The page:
This is a country where the trains run on time, so at precisely 11 a.m., South African Railway's pride and joy glided into Platform 16 at Johannesburg Station, the largest train station in Africa.
The electrically powered "Blue Train," trimmed and chevroned in bright yellow, was sparkling with the shine of a mountain lake on a cloudless day. Through the window, (dusted with a layer of real gold to reduce glare and heat) you can see the white-jacketed, all-male staff of 26 waiters and valets standing at their posts.
In just over 24 hours, this 16-coach repository of old-world stateliness and comfort wends its way on a 958-mile route stretching practically the length of South Africa and embracing the country's three major cities of Pretoria, Johannesburg and Cape Town. Connoisseurs rate it as one of the most luxurious and beautiful train rides in the world.
Embarking passengers find their names and assigned compartments typed on a small white card pinned to a board on Platform 16. Standards are definitely maintained inside, where soft carpets, soothing piped-in music and a complimentary half-bottle of chilled champagne keep the Blue Train living up to its reputation.
Each air-conditioned compartment, or coupe, has a built-in radio console (both English and Afrikaans), an icewater tap, a bell for the valet, electrically controlled venetian blinds, a washstand, closet and berths.
In one corner is a locker that also opens onto the corridor. It is for your shoes. You put them there for overnight polishing.
There are four classes of coupes, including one suite of three rooms -- bedroom, sitting room and a bath complete with marble tub. At full complement, the Blue Train sleeps 106.
Under the scrutinizing eye of a black-suited maitre d', cordon bleu meals, accompanied by South African wines, are served on the dining car's white-clothed tables.
The Blue Train, unlike most trains of the South African Railways, is "international," which is South African bureaucratese for multiracial. It will take passengers of any race, so long as they can afford the fare (about $180 one way). Railway officials say they run the Blue Train at a loss, but will continue to do so because it is a tourist attraction and "a prestige train."
Its history began in the 1920s when the steam-powered "union express" puffed uphill from Cape Town to Johannesburg and the "union limited" made the return trip. But those were ordinary coaches.
Twelve blue luxury coaches were imported from Britain in 1939 but had to be mothballed during the war. In 1946, they were officially baptized the Blue Train and put into service. Today's Blue Train was made in South Africa, replacing the imported one in 1972. It makes two trips a week in winter months and three during South Africa's warm season, between November and April.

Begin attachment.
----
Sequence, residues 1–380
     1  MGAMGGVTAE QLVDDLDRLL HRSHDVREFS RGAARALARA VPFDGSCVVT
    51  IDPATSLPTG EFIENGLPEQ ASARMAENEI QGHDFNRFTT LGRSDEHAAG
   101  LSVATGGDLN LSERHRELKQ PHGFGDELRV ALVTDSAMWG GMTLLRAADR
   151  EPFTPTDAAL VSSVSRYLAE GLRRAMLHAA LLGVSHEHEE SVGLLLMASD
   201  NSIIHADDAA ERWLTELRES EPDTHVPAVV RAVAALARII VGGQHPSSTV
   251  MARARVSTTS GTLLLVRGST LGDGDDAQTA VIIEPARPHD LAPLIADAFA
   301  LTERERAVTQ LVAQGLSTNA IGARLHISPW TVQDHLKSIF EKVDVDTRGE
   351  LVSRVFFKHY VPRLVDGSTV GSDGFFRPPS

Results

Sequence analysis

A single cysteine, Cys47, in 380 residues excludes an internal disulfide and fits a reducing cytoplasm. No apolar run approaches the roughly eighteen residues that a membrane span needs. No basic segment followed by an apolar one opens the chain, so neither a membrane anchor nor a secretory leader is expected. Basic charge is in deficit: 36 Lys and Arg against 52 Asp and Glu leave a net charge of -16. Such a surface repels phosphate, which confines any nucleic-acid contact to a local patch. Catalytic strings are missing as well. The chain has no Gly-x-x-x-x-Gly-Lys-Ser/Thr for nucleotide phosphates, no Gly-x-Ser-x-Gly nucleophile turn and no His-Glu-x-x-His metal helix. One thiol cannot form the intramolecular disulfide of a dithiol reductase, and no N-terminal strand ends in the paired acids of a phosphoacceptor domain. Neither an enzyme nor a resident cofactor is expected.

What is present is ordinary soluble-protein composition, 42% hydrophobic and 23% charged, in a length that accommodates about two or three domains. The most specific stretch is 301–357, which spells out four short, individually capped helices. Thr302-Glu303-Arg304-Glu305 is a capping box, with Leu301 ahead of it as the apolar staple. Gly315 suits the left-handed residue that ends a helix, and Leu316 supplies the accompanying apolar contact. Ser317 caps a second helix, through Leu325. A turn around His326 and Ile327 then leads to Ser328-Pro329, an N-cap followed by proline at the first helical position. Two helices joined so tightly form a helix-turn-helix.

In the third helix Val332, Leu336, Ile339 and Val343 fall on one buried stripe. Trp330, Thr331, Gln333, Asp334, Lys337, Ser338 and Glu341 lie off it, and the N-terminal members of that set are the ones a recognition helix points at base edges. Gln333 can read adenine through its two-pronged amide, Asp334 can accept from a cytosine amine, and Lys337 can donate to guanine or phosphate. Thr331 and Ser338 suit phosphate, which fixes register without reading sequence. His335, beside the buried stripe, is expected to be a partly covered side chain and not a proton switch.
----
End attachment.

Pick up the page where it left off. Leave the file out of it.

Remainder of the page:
Southbound, the Blue Train starts from Pretoria and stops first in Johannesburg, 40 miles away. As it pulls out of "Egoli" or "city of gold," it passes Johannesburg's distinctive gold dumps -- huge, ziggurat-shaped mounds of earth churned-up from the gold mines.
Then it heads into the flat, brown countryside, whose wealth lies in huge farms of corn and wheat and deep mines of gold, diamonds and coal. Black laborers in overalls and barefoot schoolchildren stop to wave.
Only at one small station in the late afternoon is there a hint of the problems this outwardly tranquil country faces. A freight train heading north toward Pretoria is filled with twisted, bullet-pocked jeeps and armored cars -- debris of the distant war South Africa is fighting against black guerrillas in neighboring Namibia.
By nightfall, the smooth 60-mile-an-hour pace has brought the Blue Train into Kimberley, site of the "big hole," the largest diamond mine site in the world, where the sparkling stones were first discovered in this country.
Kimberley station is crowded with black and Colored (mixed race) families shouting goodbyes and jostling for places on the regular passenger trains. Sedate and elegant, the Blue Train looks strangely out of place.
Kimberley is the gateway to the night passage through the Karoo. The name of this central plateau was given by the Hottentots, one of South Africa's original brown-skinned tribes. It means "land of thirst." Here, dusty, dry winds turn sheep farmers' faces red and raw. Giant balls of tumbleweed flounce aimlessly across the plains, and the springbok, a lithe little antelope that is South Africa's national emblem, runs wild.
From your gently swaying berth you can see darkly dressed figures warming themselves by open fires at the Karoo's tiny railway stations, passed silently and slowly in the night.
With the dawn come the end of the Karoo and the scenic highpoint, a sight that explains why the Dutch and Huguenot settlers who came from Europe 300 years ago stayed.
Washed with the rosy, purple hues of dawn, the Hex River Mountains rise against a smooth, blue sky. Mists of gossamer hang motionless in the valleys dotted with whitewashed farmsteads built with the clean curves of a style now called "Cape Dutch." Around them, the fertile green land is neatly appointed with vineyards and orchards.
The Hex River Valley, which is seen at dusk if one takes a northbound Blue Train, is the foyer to South Africa's wine-growing region, whose vintages, many say, compare with the world's best.
After a short while, the flat-topped "Table Mountain" heralds the approach of Cape Town, a jewel of a city set between a striking mountain and the chilly southern Atlantic. To South Africans, this is the "mother city," because here in 1652 the Dutch entrepreneur and adventurer Jan Van Riebeeck launched the white man's sojourn in this country with his tiny, seaside settlement.
And so, the Blue Train's journey ends where it all began.